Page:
*** Update, erratum, and apology. Twitter commenters said fake; I searched around. And I found this on the ARPANET Discussion Forum webpage. There is no link to this page within the main site, but it comes up on Google. Here it is:
DisclaimerI apologise for not having searched this out more thoroughly earlier.
The parties responsible for presenting the textual information on this website, and in other formats that appear as part of this project, disclose that their intention is to create the thoughts and emotions of the various characters presented through The Arpanet Dialogues in an effort to stimulate debate about the current state of world affairs from the perspective of hindsight.
Update 2: Here's a discussion of the project. Clever. But it would have been nice if they'd have linked to the disclaimer from the front page.
And here's io9 on it, via Russel Brown.
In hindsight, Ronald Reagan's voice sounded the most out of synch with the Reagan that plays in my head - a bit more cardboard than I'd expected. But the fake Rand sadly didn't seem that far out. For other fake Rands, do read Mozart Was A Red, by Murray Rothbard.
Original post follows below.
Artist Sidney Nolan, also in the discussion, asked Henson which was his favourite puppet.
Each character is special for me they represent different aspects of myself. Kermit the frog is perhaps closest to me. An altar ego of sorts.
What does that say about you.
Big laughs. He is exceptional.
I dont know. I don’t think too much about it.
My favourite is Big Bird. He is so tall and gentle.
To be honest I find it to be senseless entertainment. I prefer the celebration of men and what they can achieve.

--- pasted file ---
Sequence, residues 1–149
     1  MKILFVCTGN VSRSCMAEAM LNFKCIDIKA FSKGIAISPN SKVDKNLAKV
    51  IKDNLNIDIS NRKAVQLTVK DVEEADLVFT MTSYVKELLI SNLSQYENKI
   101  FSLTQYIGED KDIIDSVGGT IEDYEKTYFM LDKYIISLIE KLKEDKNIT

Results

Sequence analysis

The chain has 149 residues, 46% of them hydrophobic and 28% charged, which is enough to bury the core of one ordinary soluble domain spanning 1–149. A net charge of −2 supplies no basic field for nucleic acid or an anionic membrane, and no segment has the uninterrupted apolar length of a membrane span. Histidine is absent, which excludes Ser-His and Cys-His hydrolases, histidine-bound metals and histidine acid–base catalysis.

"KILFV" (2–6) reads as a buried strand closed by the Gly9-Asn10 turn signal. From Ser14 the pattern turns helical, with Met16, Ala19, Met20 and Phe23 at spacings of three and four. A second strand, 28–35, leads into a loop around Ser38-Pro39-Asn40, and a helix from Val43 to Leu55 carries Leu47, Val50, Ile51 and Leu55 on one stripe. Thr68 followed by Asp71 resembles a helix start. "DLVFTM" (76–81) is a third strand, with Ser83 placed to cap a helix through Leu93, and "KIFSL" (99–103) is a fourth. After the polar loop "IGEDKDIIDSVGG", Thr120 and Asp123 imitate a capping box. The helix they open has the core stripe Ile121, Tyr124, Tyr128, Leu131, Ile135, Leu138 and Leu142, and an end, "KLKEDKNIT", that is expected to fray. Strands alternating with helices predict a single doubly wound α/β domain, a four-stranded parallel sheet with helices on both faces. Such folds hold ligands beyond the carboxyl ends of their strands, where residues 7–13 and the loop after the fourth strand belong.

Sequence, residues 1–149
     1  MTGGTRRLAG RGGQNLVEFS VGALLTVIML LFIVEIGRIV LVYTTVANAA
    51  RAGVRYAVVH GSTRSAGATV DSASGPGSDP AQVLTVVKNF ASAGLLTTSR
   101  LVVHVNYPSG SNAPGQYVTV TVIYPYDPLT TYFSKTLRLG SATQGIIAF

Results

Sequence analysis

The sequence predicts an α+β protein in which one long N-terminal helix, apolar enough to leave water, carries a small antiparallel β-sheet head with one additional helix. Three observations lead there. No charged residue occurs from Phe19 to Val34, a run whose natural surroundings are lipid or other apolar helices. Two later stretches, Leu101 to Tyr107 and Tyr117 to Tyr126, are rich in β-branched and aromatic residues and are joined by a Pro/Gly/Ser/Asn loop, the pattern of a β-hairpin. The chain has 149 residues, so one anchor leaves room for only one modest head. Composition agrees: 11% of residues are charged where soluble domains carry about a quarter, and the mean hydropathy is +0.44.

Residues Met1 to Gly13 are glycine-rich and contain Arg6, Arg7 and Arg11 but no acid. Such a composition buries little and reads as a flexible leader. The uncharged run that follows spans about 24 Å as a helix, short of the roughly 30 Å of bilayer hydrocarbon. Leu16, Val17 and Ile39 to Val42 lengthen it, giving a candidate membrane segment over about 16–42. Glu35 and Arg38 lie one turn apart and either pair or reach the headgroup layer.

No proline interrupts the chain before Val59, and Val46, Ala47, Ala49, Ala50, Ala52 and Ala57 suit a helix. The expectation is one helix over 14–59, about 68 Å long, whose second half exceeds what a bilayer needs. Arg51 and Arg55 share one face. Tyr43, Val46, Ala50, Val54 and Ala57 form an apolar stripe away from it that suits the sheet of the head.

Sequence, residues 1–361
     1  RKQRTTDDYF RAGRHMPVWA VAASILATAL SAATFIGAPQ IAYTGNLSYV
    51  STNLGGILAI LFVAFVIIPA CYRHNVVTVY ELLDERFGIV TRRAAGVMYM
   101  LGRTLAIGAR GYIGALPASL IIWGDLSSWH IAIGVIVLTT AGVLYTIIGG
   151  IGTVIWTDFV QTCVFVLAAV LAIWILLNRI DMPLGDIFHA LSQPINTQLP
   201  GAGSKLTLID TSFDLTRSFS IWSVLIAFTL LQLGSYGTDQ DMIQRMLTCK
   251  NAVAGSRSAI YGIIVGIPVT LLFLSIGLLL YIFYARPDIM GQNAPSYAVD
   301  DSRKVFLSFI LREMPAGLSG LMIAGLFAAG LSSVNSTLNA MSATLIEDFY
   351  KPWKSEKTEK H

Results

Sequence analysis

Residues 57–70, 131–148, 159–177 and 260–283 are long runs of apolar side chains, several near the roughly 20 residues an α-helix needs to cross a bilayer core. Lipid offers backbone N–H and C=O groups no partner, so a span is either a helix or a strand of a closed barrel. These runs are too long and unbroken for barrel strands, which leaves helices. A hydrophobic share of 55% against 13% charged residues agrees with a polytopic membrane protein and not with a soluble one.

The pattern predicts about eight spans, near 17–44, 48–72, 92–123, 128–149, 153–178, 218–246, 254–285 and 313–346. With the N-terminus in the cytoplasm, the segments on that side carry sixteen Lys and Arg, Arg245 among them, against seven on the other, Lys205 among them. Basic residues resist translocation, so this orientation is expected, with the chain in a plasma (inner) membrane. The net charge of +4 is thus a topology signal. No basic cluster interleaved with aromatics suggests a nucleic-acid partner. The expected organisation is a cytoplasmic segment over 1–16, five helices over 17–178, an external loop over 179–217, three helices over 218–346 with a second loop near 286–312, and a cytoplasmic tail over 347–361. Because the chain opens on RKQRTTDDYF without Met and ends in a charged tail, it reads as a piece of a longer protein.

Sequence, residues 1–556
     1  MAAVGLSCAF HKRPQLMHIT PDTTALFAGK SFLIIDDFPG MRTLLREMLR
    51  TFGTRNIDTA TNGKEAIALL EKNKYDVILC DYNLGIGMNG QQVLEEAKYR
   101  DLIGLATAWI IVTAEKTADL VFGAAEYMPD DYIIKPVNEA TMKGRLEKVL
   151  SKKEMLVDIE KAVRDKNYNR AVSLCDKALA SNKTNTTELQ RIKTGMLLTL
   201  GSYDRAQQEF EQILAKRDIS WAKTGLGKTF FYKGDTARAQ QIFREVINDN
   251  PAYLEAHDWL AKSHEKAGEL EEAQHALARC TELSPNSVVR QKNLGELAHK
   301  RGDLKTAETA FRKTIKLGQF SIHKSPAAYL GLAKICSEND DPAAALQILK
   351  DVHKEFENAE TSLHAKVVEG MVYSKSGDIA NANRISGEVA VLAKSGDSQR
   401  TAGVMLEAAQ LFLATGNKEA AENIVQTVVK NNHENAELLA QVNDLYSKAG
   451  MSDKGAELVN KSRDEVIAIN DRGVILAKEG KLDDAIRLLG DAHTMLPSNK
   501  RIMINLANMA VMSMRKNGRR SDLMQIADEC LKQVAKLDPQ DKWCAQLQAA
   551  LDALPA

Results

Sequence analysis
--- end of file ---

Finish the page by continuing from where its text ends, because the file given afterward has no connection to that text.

Do you have children Ms Rand.
What do children have to do with what I prefer.
JIM HENSONAnd Ayn later misses the point:
Ms. Ono you are too idealistic I think.
I think Ms. Rand is even more idealistic at heart.
I think Ms. Rand and my character Oscar the Grouch would have a lot to talk about actually. I am laughing out loud at this idea.
Why would I want to talk to him. What has he achieved or trying to achieve.
He has achieved what I think is the ultimate goal of your way of thinking.
Isolation. Contempt for others. A hard heart. Yet even he can muster a bit of empathy every now and then.
AYN RANDRead through the whole transcript and tell me it wouldn't be hard to programme a bot whose output would be indistinguishable from Rand's for 80% of her contributions. I've a soft spot for Rand. And I disagree with Henson about the "ultimate goal" of Rand's project. But Henson takes this one.
I am not isolated. I have no contempt for others. Millions of people read my books and find my thoughts inspirational. I hardly spend my time on the sidelines in a trash can grumping.
Not yet anyway.
Other ARPANET Dialogues:
- Marcel Broodthalers, Jane Fonda, Ronald Reagan, Edward Said, 1975. Lots of fun "What's this whole chat thing for" discussion at the start between Reagan, Said and Broodthalers. A sample:
EDWARD SAIDSaid has the best imagination and foresight about what ARPANET could lead to. The novelty of corresponding by instantaneous text with people you've never met before, whose voices you don't know and whose faces you can't place - it's commonplace for us, but not so much 40 years ago.
What are the implications [of online chats]. This will revolutionize they way people do business. Culture perhaps. Someone from Japan can have a conversation with someone from California. What about China.
Wouldnt you rather pick up the phone and call.
All this damned typing.
- Samir Amin, Steve Biko, Francis Fukuyama, Minoru Yamasaki, June 1976. A short highlight:
What if the people dont want democracy. What if they want a monarchy.
That so archaic.
- Joseph Beuys, Juan Downey, Rosalind Krauss, Henry Moore, March 1976.